The goal of this new T32 post-doctoral training grant is to train exceptional physician-scientists for independent careers in age-related conditions. We will recruit physician-scientist trainees at the completion of clinical training and before the initiation of their independent research career. Given the growing number of older adults globally, the health-related issues of older adults will dominate the health care landscape. Physician-scientists are well poised to conduct translational research relevant to the older population as they can appreciate the clinical implications of pre-clinical research and have a unique ability to identify areas of research likely to have a substantial impact on clinical care. University of Michigan (UM) is uniquely positioned to train promising physician-scientists in age-related research as UM has robust programs in geroscience/biology of aging, geriatrics, clinical medicine and health policy research. To train physician-scientists in translational medicine in age-related conditions, we will include mentors that represent the spectrum of translational medical research from preclinical research, through to research in healthy and diseased human subjects (i.e., translational), to public policy and population health. The Director (Dr. Mody) and the two Co-Directors (Drs. Goldstein and Min) of this program are all physician- scientists who examine various aspects of age-related conditions across this translational research spectrum. Dr. Mody is a clinical interventionalist who has active collaborations with investigators who conduct basic genomic research to scientists in healthcare research policy. Dr. Goldstein examines how aging impacts inflammation by employing pre-clinical models of atherosclerosis, influenza viral infection, and organ transplantation. Dr. Min is a health services outcomes researcher with expertise in linking quality measures and quality improvement with clinical outcomes. Our training program includes faculty preceptors in each of the pre-clinical, translational and public policy domains. In addition to the individual expertise of the faculty, our program also will leverage several successful programs at UM including: The University of Michigan Older Americans Independence Center, the Michigan Institute for Clinical and Health Research, Biology of Aging, Institute for Healthcare Policy and Research, Michigan Biology of Cardiovascular Aging and Institute for Social Research. We expect that our new training program will lead to a cadre of outstandingly trained young physician-scientists who will pursue cutting-edge translational research in age-related conditions and themselves become mentors and leaders in the field.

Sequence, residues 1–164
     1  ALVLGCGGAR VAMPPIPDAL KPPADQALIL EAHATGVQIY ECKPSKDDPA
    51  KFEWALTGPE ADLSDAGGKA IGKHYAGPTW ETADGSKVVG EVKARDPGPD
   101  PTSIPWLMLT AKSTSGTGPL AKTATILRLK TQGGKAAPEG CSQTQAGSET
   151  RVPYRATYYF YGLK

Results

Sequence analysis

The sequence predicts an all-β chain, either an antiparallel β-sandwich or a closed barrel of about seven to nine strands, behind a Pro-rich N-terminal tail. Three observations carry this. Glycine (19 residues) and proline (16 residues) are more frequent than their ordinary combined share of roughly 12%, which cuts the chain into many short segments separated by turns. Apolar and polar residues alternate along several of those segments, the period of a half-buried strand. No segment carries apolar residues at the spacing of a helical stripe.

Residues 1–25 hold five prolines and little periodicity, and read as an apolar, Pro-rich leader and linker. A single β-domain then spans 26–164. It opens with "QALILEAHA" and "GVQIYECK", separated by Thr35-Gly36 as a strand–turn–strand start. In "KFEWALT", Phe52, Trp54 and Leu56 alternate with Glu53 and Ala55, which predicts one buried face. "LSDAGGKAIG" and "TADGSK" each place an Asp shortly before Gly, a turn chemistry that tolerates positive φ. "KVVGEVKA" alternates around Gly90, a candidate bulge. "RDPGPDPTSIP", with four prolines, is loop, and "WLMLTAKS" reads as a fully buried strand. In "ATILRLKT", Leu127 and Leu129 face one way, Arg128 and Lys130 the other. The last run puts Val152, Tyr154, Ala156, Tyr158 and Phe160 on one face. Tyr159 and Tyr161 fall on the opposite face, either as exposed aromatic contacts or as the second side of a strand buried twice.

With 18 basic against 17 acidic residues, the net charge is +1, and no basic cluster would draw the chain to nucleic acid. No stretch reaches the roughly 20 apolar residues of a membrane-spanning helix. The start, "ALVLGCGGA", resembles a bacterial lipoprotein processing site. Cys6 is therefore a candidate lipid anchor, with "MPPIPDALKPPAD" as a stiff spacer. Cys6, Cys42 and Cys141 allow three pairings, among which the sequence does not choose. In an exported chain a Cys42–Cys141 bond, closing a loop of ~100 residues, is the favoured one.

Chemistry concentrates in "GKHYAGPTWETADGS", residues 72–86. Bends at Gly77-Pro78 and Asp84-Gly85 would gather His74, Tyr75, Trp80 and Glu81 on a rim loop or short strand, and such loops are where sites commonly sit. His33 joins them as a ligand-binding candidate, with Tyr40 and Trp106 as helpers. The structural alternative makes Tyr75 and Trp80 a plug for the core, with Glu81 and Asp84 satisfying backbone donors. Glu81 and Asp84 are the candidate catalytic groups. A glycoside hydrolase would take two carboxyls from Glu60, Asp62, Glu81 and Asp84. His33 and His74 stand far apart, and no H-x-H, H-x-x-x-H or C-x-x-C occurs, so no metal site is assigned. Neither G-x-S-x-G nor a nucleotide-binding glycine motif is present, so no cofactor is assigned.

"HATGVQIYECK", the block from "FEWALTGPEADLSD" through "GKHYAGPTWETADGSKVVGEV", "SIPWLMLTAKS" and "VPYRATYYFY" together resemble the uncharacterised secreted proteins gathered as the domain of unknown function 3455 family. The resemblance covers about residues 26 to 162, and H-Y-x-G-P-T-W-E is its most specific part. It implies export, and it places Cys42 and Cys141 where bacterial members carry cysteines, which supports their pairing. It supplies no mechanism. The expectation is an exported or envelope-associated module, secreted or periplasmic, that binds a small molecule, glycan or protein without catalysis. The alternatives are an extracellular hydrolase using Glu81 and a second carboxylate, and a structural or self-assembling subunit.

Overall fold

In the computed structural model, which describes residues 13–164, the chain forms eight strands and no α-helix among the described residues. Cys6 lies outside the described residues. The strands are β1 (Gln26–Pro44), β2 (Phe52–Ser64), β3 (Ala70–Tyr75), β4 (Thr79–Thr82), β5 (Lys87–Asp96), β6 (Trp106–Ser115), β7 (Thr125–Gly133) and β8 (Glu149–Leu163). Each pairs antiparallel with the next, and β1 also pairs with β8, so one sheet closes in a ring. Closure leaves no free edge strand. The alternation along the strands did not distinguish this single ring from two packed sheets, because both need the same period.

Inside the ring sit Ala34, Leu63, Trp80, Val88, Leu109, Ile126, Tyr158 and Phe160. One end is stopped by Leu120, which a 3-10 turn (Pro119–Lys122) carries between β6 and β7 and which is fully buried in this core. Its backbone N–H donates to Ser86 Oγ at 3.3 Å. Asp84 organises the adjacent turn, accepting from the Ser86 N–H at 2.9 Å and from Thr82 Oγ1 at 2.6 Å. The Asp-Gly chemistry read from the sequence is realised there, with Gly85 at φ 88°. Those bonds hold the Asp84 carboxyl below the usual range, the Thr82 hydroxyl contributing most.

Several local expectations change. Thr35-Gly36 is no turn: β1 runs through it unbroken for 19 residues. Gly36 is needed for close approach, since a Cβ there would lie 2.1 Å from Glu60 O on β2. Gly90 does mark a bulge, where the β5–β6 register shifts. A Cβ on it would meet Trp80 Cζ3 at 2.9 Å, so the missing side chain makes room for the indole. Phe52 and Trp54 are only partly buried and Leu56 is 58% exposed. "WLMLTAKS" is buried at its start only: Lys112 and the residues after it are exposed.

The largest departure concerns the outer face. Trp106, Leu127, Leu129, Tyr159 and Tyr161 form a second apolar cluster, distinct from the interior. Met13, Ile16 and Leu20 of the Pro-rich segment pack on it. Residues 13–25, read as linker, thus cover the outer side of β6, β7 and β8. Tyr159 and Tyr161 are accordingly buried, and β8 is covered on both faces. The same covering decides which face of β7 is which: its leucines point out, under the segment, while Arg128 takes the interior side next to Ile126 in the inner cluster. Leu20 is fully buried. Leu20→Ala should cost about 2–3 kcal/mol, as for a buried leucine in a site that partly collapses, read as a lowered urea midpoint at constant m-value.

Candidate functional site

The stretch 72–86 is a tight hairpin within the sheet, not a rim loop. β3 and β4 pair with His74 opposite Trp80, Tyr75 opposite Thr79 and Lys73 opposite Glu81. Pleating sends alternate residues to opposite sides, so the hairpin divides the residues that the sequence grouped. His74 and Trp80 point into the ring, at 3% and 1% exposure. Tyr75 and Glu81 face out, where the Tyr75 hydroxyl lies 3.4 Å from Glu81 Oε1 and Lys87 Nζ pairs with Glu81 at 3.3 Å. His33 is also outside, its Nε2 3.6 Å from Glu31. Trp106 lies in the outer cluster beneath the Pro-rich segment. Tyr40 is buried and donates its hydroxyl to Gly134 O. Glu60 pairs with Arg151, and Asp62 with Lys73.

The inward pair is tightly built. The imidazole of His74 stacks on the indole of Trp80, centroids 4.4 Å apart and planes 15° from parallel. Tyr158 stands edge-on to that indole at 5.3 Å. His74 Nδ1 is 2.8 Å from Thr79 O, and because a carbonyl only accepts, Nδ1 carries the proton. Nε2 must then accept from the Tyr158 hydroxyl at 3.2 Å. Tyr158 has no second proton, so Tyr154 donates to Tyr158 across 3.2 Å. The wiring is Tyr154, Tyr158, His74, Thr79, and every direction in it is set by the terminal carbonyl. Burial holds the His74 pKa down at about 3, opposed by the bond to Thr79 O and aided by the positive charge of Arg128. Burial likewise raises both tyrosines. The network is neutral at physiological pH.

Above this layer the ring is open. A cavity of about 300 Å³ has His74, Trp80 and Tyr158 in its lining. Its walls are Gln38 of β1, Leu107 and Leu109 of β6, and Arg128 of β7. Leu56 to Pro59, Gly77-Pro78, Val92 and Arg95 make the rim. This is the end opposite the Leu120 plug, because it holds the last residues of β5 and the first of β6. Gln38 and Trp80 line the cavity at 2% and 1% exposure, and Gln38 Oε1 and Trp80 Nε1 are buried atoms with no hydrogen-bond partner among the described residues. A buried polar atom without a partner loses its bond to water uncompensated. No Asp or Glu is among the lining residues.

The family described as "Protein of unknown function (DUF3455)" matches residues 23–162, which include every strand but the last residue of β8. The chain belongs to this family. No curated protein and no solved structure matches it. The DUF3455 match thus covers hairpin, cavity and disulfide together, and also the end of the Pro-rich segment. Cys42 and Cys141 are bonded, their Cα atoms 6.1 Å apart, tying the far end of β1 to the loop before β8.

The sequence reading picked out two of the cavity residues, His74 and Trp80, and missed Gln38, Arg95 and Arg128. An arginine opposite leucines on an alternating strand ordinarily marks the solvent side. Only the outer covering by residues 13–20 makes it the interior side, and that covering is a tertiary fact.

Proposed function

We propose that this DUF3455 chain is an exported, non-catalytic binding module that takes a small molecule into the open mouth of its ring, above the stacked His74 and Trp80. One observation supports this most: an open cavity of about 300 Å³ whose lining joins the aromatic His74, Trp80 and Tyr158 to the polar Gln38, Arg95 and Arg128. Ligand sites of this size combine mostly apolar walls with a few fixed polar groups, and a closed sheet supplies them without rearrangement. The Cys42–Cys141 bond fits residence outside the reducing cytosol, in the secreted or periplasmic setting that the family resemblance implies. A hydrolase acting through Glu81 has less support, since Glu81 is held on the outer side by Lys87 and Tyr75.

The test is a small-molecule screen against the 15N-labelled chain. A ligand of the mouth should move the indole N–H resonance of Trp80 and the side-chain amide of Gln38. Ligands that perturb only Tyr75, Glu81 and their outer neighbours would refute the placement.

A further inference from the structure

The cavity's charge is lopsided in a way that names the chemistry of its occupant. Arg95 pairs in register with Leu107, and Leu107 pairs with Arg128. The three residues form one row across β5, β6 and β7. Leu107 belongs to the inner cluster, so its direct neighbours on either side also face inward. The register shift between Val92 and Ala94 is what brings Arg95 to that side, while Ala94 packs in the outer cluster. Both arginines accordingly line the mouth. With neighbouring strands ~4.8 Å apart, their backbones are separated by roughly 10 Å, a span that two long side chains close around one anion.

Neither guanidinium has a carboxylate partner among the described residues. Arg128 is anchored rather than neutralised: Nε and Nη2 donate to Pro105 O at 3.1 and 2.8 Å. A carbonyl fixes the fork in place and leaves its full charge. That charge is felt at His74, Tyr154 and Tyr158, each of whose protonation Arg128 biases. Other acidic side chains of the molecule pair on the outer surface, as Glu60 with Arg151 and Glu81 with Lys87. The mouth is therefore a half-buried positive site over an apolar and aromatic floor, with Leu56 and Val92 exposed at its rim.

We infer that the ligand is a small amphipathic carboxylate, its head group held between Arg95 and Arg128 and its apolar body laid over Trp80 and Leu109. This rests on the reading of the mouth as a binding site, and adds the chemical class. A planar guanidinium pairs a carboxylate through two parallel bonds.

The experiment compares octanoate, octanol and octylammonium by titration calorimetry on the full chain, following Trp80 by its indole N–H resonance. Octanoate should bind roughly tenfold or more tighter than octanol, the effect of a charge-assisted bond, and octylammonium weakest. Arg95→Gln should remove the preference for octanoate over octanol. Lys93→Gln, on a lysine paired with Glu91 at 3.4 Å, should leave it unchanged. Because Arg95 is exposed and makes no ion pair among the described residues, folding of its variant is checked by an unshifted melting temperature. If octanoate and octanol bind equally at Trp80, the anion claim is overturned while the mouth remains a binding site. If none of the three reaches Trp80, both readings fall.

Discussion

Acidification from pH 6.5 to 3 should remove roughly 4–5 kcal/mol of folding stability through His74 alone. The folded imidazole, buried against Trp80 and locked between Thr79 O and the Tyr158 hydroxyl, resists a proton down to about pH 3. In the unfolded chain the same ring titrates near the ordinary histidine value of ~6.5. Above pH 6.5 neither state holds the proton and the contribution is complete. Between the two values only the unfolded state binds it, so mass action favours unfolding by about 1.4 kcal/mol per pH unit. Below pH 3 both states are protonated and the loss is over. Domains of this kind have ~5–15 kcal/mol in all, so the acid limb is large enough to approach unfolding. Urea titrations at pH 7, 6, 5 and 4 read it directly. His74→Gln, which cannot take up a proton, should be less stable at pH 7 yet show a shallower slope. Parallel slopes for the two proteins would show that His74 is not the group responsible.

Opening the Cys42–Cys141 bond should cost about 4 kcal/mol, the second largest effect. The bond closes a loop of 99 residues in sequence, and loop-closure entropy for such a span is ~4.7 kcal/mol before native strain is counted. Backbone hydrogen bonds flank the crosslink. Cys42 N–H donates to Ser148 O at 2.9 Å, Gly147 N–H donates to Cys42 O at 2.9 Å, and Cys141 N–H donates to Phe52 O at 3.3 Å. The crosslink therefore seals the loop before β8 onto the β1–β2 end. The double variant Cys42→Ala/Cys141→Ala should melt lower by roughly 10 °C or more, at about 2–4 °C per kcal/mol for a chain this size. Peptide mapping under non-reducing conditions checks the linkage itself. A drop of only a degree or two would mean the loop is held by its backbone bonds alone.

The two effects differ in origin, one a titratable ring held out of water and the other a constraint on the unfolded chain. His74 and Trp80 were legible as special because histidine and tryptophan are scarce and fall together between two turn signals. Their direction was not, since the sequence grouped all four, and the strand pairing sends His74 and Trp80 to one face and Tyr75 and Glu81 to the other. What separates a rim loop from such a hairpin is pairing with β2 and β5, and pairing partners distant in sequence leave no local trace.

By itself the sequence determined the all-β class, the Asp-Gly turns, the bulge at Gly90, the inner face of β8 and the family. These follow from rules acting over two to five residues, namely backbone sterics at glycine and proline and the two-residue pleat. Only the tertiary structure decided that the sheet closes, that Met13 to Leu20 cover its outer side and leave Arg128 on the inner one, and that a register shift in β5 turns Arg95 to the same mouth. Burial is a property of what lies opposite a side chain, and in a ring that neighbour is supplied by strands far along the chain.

This program will establish a pipeline of outstanding physician scientists in in age-related diseases. We will leverage the considerable resources at the University of Michigan in medical education, biomedical research and public policy as well as a talented pool of preceptors, supported by various NIH-funded centers, to attract physician scientists at the end of their clinical training (post-doctoral trainees). Our multi-disciplinary training program for physician scientists will prepare them for careers in medicine with the ultimate goal to improve the health of the ever-expanding older population.